There are 4 scenarios that can be chosen. The first is considered as an opening scenario for new players (Resurgence of The Dragonlords) as in this scenario, the challenge is a bit light and there is a semi cooperative element in it. The second one however (The Cataclysm) offers high level of challenge. You can say it’s not meant for the faint-hearts. The Monument scenario is likely for players who do not want direct confrontation, since player who first build a monument win the game (no combat against home realms). The Runewar scenario is more dynamic version of direct confrontation that the first scenario has to offer since there are dragon runes that can be used for players advantage. Not only different units a faction has, the neutral units and cards make the game more balance for it scenario purpose. Yes, each scenario has different setup on the event cards and neutral cards. There are 4 basic factions in the game (Human, Elves, Undead and Evil), these factions have several strategies and game play styles to choose for. The Human and Undead are factions that almost alike, they have cheap units that can do chain combos from their discard or draw pile. The Uthuk Yllan is the evil faction, which really into sacrificial thing with their units. The elves on the other hand, is the most delicate factions on the game, which is quite hard to master for they manipulate influence and not base their strength on pure strength value.

The Attrition Die

The Attrition Die

There are 3 basic currencies used in the game, they are gold, influence and strength. Players use gold to buy units from their barracks. Use influences to hire neutral units, gain wealth and also tactic cards. Strengths are used for resolving combats. There also an Attrition die (a black custom six-sided die) that is used for battling against enemies from event cards. These attrition die is rolled to determine how many unit will be destroyed by the enemy every time a player facing up an enemy. For each skull symbol on the side of the die, the player must destroy a unit in combat immediately. The attrition die has from none to 2 skull symbols distributed on it’s sides.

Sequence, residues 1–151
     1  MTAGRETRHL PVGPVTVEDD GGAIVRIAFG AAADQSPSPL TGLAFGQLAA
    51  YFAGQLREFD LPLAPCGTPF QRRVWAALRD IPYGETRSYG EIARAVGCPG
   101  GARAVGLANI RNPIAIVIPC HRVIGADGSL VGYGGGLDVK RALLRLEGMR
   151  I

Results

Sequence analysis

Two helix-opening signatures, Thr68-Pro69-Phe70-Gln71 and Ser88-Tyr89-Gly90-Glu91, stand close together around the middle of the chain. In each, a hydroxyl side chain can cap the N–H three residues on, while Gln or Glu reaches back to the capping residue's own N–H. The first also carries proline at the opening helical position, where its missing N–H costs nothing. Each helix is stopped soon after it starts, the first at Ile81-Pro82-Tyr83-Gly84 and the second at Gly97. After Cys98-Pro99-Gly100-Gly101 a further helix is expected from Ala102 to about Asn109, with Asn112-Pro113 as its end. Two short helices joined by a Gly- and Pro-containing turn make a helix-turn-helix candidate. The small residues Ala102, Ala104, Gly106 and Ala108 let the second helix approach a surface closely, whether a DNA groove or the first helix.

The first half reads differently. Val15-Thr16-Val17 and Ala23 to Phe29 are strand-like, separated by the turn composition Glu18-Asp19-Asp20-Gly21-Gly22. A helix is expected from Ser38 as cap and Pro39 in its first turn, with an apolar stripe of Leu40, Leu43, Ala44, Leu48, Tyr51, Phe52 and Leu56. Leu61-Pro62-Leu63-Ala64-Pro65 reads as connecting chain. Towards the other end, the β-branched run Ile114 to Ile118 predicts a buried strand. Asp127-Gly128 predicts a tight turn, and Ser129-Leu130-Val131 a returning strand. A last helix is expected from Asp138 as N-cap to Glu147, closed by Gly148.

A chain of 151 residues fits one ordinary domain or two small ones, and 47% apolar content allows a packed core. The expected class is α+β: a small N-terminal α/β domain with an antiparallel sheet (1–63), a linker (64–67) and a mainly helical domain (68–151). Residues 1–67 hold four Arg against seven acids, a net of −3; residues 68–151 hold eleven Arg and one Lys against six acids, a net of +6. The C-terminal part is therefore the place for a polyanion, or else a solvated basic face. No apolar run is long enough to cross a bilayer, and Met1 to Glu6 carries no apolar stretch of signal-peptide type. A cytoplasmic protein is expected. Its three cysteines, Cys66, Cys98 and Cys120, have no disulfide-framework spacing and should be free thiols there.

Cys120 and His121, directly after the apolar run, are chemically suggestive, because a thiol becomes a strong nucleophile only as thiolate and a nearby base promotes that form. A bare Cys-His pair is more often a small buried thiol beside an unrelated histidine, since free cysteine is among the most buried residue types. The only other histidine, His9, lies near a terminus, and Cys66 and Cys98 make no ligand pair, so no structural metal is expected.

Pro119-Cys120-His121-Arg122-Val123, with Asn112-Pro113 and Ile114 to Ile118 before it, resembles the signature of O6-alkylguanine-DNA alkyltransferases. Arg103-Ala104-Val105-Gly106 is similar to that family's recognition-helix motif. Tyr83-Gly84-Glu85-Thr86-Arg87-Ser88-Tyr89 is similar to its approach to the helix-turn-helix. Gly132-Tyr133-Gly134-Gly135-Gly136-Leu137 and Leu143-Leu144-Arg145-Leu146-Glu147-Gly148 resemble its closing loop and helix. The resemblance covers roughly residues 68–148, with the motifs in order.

There are basic concept of the game about ‘wound’ and ‘destroy’ which closely related on the combat phase for each unit. When wounded, units are destroyed (back to barrack or neutral cards area) in the end of combat phase which they still contribute their strength. On the contrary, when destroyed, units are immediately returned to barrack or neutral cards area which they do not contribute to the combat strength.

5. Replay Value
I must say there are different levels of replayability options here. The combination between different factions and scenarios are the general replay values. Players can experience 4 different scenarios combined with 4 different factions, this could led to 16 different plays. In addition, a single faction also has different strategies to choose for thanks to different units available at players’ disposal. That’s been said, so the replayability is quite high. And with the additional expansion, Oath and Anvil, the game gets a powerful booster as 2 new factions, 2 new units for each basic factions, new neutral cards with mercenary cards are available. There are also 2 new scenarios that can be chosen and new event cards for basic scenario.

Cards in Hand as Uthuk Yllan

Cards in Hand as Daqan Lords

My Thought of The Game
I love this game, it replaces Thunderstone (which also a game that I like) in my collection. So, why do I choose this over Rune Age? The reasons are simple, the game has different scenarios, so rich on the game play, different factions specialized the game play and strategy, and the most important thing is, Rune Age offers more direct interaction between players with combats and such. The expansion is a must have in my opinion, it adds more balance to the game with new units and 2 new factions with different styles. I personally think that the Ascent of the Overlord is an interesting and great scenario to have one player against many. My favorite factions are Waiqar, The Undead and Uthuk Yllan. For those who like deck building game with a rich fantasy theme and various game play to choose for, this game is great for your collection. I almost forget to mention that this game offers you solitaire play in some of the scenarios (The Resurgence of The Dragonlords and The Cataclysm).

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Posted by on March 13, 2013 in Card Games, Reviews